Figure 5 - Refining of gold by solvent extraction [Feather et al., 1997, Sole et al., 1998]

The leach solution, containing about 65 g/L gold, is treated by solvent extraction [the organic solvent was not specified]. Gold is selectively extracted into the organic phase, while all other metal ions report to the rafinate. Small quantities of co-extracted impurities are scrubbed from the loaded organic phase before it is stripped to produce a purified, concentrated gold solution. The stripped organic phase is then recycled to the extraction circuit. The HCI-rich rafinate from the extraction section is returned to the leach, with a small bleed to control the build up of base-metal impurities in the leach/solvent extraction circuit. Table 2 - Typical compositions of leach solution and loaded strip solution

Gold is recovered as a metal powder by direct reduction from the loaded strip liquor. Use of gaseous sulfur dioxide as the reducing agent produces gold meeting the specification of 99.99% purity. The leach and reduction are operated batchwise, while the solvent extraction is a continuous operation. Equipment is mainly made of fiber-reinforced plastic, polypropylene, and high-density polyethylene. ELECTROMETALLURGICAL REFINING In electrorefining technology the impure metal is cast in form of anode, then dissolved electrolytically: M Mn+ + ne The metal ion liberated at the anode migrates towards the cathode and deposits on its surface. The anodes cannot be dissolved completely, and between 10% and 30% of its weight remains at the end of the cycle as anode scrap. The scrap is recycled. When soluble impurities can co-deposit onto the cathode together with the metal to be refined, then the cathodes are placed in diaphragmequipped boxes. The impure anolyte is withdrawn from the common anode compartment, purified and returned to the cathode boxes. Energy consumption is low because the anodic reaction is the same as the cathodic. The electrometallurgical route is conducted in Wohlwill cell (Figures 6 and 7) named after its German inventor Emil Wohlwill. Feed material is usually the anode slimes from silver refining. These are collected, purified to remove silver, and cast as anodes containing approximately 94% Au, 5% Ag, and 1% Cu, Pt, Pb, and Pd and measuring about 20 x 10 x 1 cm. Electrolysis is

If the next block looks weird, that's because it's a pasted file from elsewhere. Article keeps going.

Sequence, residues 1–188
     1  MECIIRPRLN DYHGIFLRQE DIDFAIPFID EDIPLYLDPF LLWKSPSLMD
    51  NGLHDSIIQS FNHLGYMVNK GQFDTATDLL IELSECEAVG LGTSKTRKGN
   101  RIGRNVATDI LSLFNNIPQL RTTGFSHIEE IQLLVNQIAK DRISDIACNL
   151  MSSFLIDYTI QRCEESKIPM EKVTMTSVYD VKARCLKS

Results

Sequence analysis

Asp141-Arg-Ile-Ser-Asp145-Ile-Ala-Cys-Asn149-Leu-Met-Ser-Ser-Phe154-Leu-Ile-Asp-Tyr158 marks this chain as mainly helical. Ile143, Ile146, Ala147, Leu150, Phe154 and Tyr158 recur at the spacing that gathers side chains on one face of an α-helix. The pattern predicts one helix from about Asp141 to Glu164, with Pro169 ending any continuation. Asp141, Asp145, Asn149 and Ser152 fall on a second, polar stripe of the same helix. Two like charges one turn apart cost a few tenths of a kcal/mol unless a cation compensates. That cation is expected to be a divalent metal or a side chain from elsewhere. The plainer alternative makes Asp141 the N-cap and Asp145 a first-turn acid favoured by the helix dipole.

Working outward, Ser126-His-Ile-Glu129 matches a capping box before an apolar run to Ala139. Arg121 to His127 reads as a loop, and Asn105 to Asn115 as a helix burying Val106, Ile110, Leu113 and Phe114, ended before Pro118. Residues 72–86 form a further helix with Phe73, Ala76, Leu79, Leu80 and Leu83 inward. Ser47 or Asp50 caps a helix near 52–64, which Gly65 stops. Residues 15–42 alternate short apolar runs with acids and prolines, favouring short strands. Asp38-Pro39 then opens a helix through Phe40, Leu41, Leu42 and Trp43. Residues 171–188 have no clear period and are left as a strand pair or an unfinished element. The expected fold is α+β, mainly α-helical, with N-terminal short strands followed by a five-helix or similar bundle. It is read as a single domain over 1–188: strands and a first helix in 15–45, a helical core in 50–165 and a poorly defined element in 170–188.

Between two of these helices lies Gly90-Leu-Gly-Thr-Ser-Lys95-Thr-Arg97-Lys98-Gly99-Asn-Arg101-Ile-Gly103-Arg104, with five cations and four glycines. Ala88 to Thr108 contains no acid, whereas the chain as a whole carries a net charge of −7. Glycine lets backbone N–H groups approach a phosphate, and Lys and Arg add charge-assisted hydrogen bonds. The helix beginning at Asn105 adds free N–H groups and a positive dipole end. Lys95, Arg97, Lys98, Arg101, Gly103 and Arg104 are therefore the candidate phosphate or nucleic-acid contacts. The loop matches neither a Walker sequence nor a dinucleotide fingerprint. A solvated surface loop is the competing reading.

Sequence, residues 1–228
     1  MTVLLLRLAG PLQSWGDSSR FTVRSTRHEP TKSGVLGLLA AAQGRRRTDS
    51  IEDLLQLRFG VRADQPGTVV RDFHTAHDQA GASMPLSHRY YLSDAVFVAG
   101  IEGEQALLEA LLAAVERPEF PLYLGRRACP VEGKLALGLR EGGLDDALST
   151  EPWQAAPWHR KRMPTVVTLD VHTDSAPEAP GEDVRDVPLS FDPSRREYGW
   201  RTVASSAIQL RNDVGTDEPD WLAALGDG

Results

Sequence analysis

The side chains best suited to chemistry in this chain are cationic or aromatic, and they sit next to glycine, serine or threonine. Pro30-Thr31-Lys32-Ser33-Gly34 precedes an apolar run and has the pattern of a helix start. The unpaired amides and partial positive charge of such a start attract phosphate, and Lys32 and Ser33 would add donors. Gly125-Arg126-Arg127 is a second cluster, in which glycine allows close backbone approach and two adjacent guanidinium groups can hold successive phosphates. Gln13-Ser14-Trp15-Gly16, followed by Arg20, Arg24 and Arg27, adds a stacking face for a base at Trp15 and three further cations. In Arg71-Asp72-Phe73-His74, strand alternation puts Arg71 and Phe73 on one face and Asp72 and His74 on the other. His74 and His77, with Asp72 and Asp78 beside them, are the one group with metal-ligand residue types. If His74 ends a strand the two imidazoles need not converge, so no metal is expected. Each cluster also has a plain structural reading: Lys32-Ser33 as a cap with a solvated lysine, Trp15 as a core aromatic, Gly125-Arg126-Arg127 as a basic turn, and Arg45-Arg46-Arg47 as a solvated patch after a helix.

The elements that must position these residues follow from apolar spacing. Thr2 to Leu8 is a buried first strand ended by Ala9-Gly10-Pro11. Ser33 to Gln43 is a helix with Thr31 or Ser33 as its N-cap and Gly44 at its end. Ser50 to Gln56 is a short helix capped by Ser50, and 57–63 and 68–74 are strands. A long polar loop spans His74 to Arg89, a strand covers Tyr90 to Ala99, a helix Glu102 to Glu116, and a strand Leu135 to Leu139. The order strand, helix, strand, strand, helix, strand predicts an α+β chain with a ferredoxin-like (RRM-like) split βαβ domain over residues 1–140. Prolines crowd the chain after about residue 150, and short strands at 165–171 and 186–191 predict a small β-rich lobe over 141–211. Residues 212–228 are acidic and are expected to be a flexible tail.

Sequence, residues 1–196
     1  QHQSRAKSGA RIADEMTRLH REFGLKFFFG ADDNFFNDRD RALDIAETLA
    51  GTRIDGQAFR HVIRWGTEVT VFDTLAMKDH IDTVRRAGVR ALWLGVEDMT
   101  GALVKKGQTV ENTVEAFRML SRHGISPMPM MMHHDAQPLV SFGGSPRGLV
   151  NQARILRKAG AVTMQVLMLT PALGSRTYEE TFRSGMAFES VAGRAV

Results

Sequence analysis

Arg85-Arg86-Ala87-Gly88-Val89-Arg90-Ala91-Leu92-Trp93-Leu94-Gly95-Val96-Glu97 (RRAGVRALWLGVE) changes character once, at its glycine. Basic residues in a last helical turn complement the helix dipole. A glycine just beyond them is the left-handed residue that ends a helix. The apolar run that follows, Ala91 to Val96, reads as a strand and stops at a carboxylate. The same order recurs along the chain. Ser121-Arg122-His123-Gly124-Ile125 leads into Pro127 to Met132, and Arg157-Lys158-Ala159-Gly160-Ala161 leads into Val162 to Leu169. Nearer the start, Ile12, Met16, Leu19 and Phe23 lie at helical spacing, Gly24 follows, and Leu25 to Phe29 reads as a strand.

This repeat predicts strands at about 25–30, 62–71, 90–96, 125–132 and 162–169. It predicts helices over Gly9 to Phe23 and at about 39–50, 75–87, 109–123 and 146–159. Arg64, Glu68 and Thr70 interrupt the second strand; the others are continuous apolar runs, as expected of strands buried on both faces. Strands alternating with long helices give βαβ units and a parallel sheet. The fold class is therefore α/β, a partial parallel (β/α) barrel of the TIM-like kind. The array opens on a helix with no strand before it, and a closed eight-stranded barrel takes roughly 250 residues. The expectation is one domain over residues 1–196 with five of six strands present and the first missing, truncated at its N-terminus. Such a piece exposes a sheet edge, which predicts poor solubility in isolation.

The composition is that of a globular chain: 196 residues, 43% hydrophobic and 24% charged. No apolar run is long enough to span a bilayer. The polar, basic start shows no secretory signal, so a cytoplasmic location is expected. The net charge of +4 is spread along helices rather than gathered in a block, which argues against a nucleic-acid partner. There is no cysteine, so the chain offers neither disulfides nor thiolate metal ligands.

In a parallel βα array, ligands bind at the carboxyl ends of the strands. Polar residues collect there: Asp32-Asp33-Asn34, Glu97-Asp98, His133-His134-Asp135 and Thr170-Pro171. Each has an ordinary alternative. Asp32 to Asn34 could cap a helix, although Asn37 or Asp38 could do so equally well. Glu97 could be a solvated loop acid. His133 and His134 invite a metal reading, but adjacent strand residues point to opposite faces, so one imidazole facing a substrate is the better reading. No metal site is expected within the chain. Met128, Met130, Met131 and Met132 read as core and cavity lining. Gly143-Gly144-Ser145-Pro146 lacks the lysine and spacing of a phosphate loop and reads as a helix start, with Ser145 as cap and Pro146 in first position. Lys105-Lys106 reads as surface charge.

carried out in acidic chloride solutions containing 150200 g/L Au and 140 g/L HCl at about 70C and at a current density of 1 200 A/m2, using thin gold ribbon cathodes. At the anode, the reaction Au + 4Cl [AuCl4] + 3e

Figure 6 - Electrorefining of gold in Wohlwill cell [Habashi, 1998]

Figure 7 - Electrorefined gold being removed from cell [Habashi, 1998]

takes place, and at the cathode the reverse reaction. Anodes and cathodes are normally replaced every two days. During electrolysis impurities go into solution, silver precipitates as silver chloride, and pure gold deposits on the cathode. These are lifted out of the solution periodically to remove the nodules and thereby prevent short-circuiting between cathode and anode. Electrolyte is replaced periodically when the total concentration of platinum and palladium in the electrolyte exceeds about 75 g/L. Some gold is present in the silver chloride slimes due to the disproportionation of monovalent gold in solution: 3Au+ 2Au + Au3+ The electrolyte from the gold refining process contains Pt, Pd, etc. These metals are recovered by precipitation as (NH4)2PtCl6 and (NH4)2PdCl6 then decomposition to sponge metal. High-purity gold 99.999% is obtained by melting and casting the cathodes in form of anodes and repeating the process. The advantage of the process is the high purity of the gold produced usually 99.9%. In addition, the by-products, especially platinum-group metals, are also relatively easy to isolate. A disadvantage is the fairly long period during which the noble metal is tied up, leading to considerable financial losses.

SILVER
Silver is usually the major impurity in gold and most gold refineries have a silver refining unit. Electrolysis is carried out in silver nitratesodium nitratenitric acid electrolyte containing 150 g/L Ag (pH 11.5) at a current density of ca. 300 A/m2 and a temperature of ca. 35C. Pure silver

deposits on the cathode while gold and platinum remain insoluble and are collected in the slimes. Copper, lead, and palladium accumulate in solution. When the copper or lead content in the electrolyte exceeds ca. 10 g/L, or the palladium content exceeds ca. 1 g/L, the solution is removed, de-silverized, and discarded, and new electrolyte is made by dissolving scrap anodes in hot nitric acid. Silver deposited in a loose crystalline form (Figure 8) is collected, melted, and cast as 1 000-oz bars of 99.99% purity. Higher purity of 99.999% is obtained by double electrolysis. Electrolysis is usually conducted for two days and the residual anodes are 5 to 5% of the original. Two types of cells are used: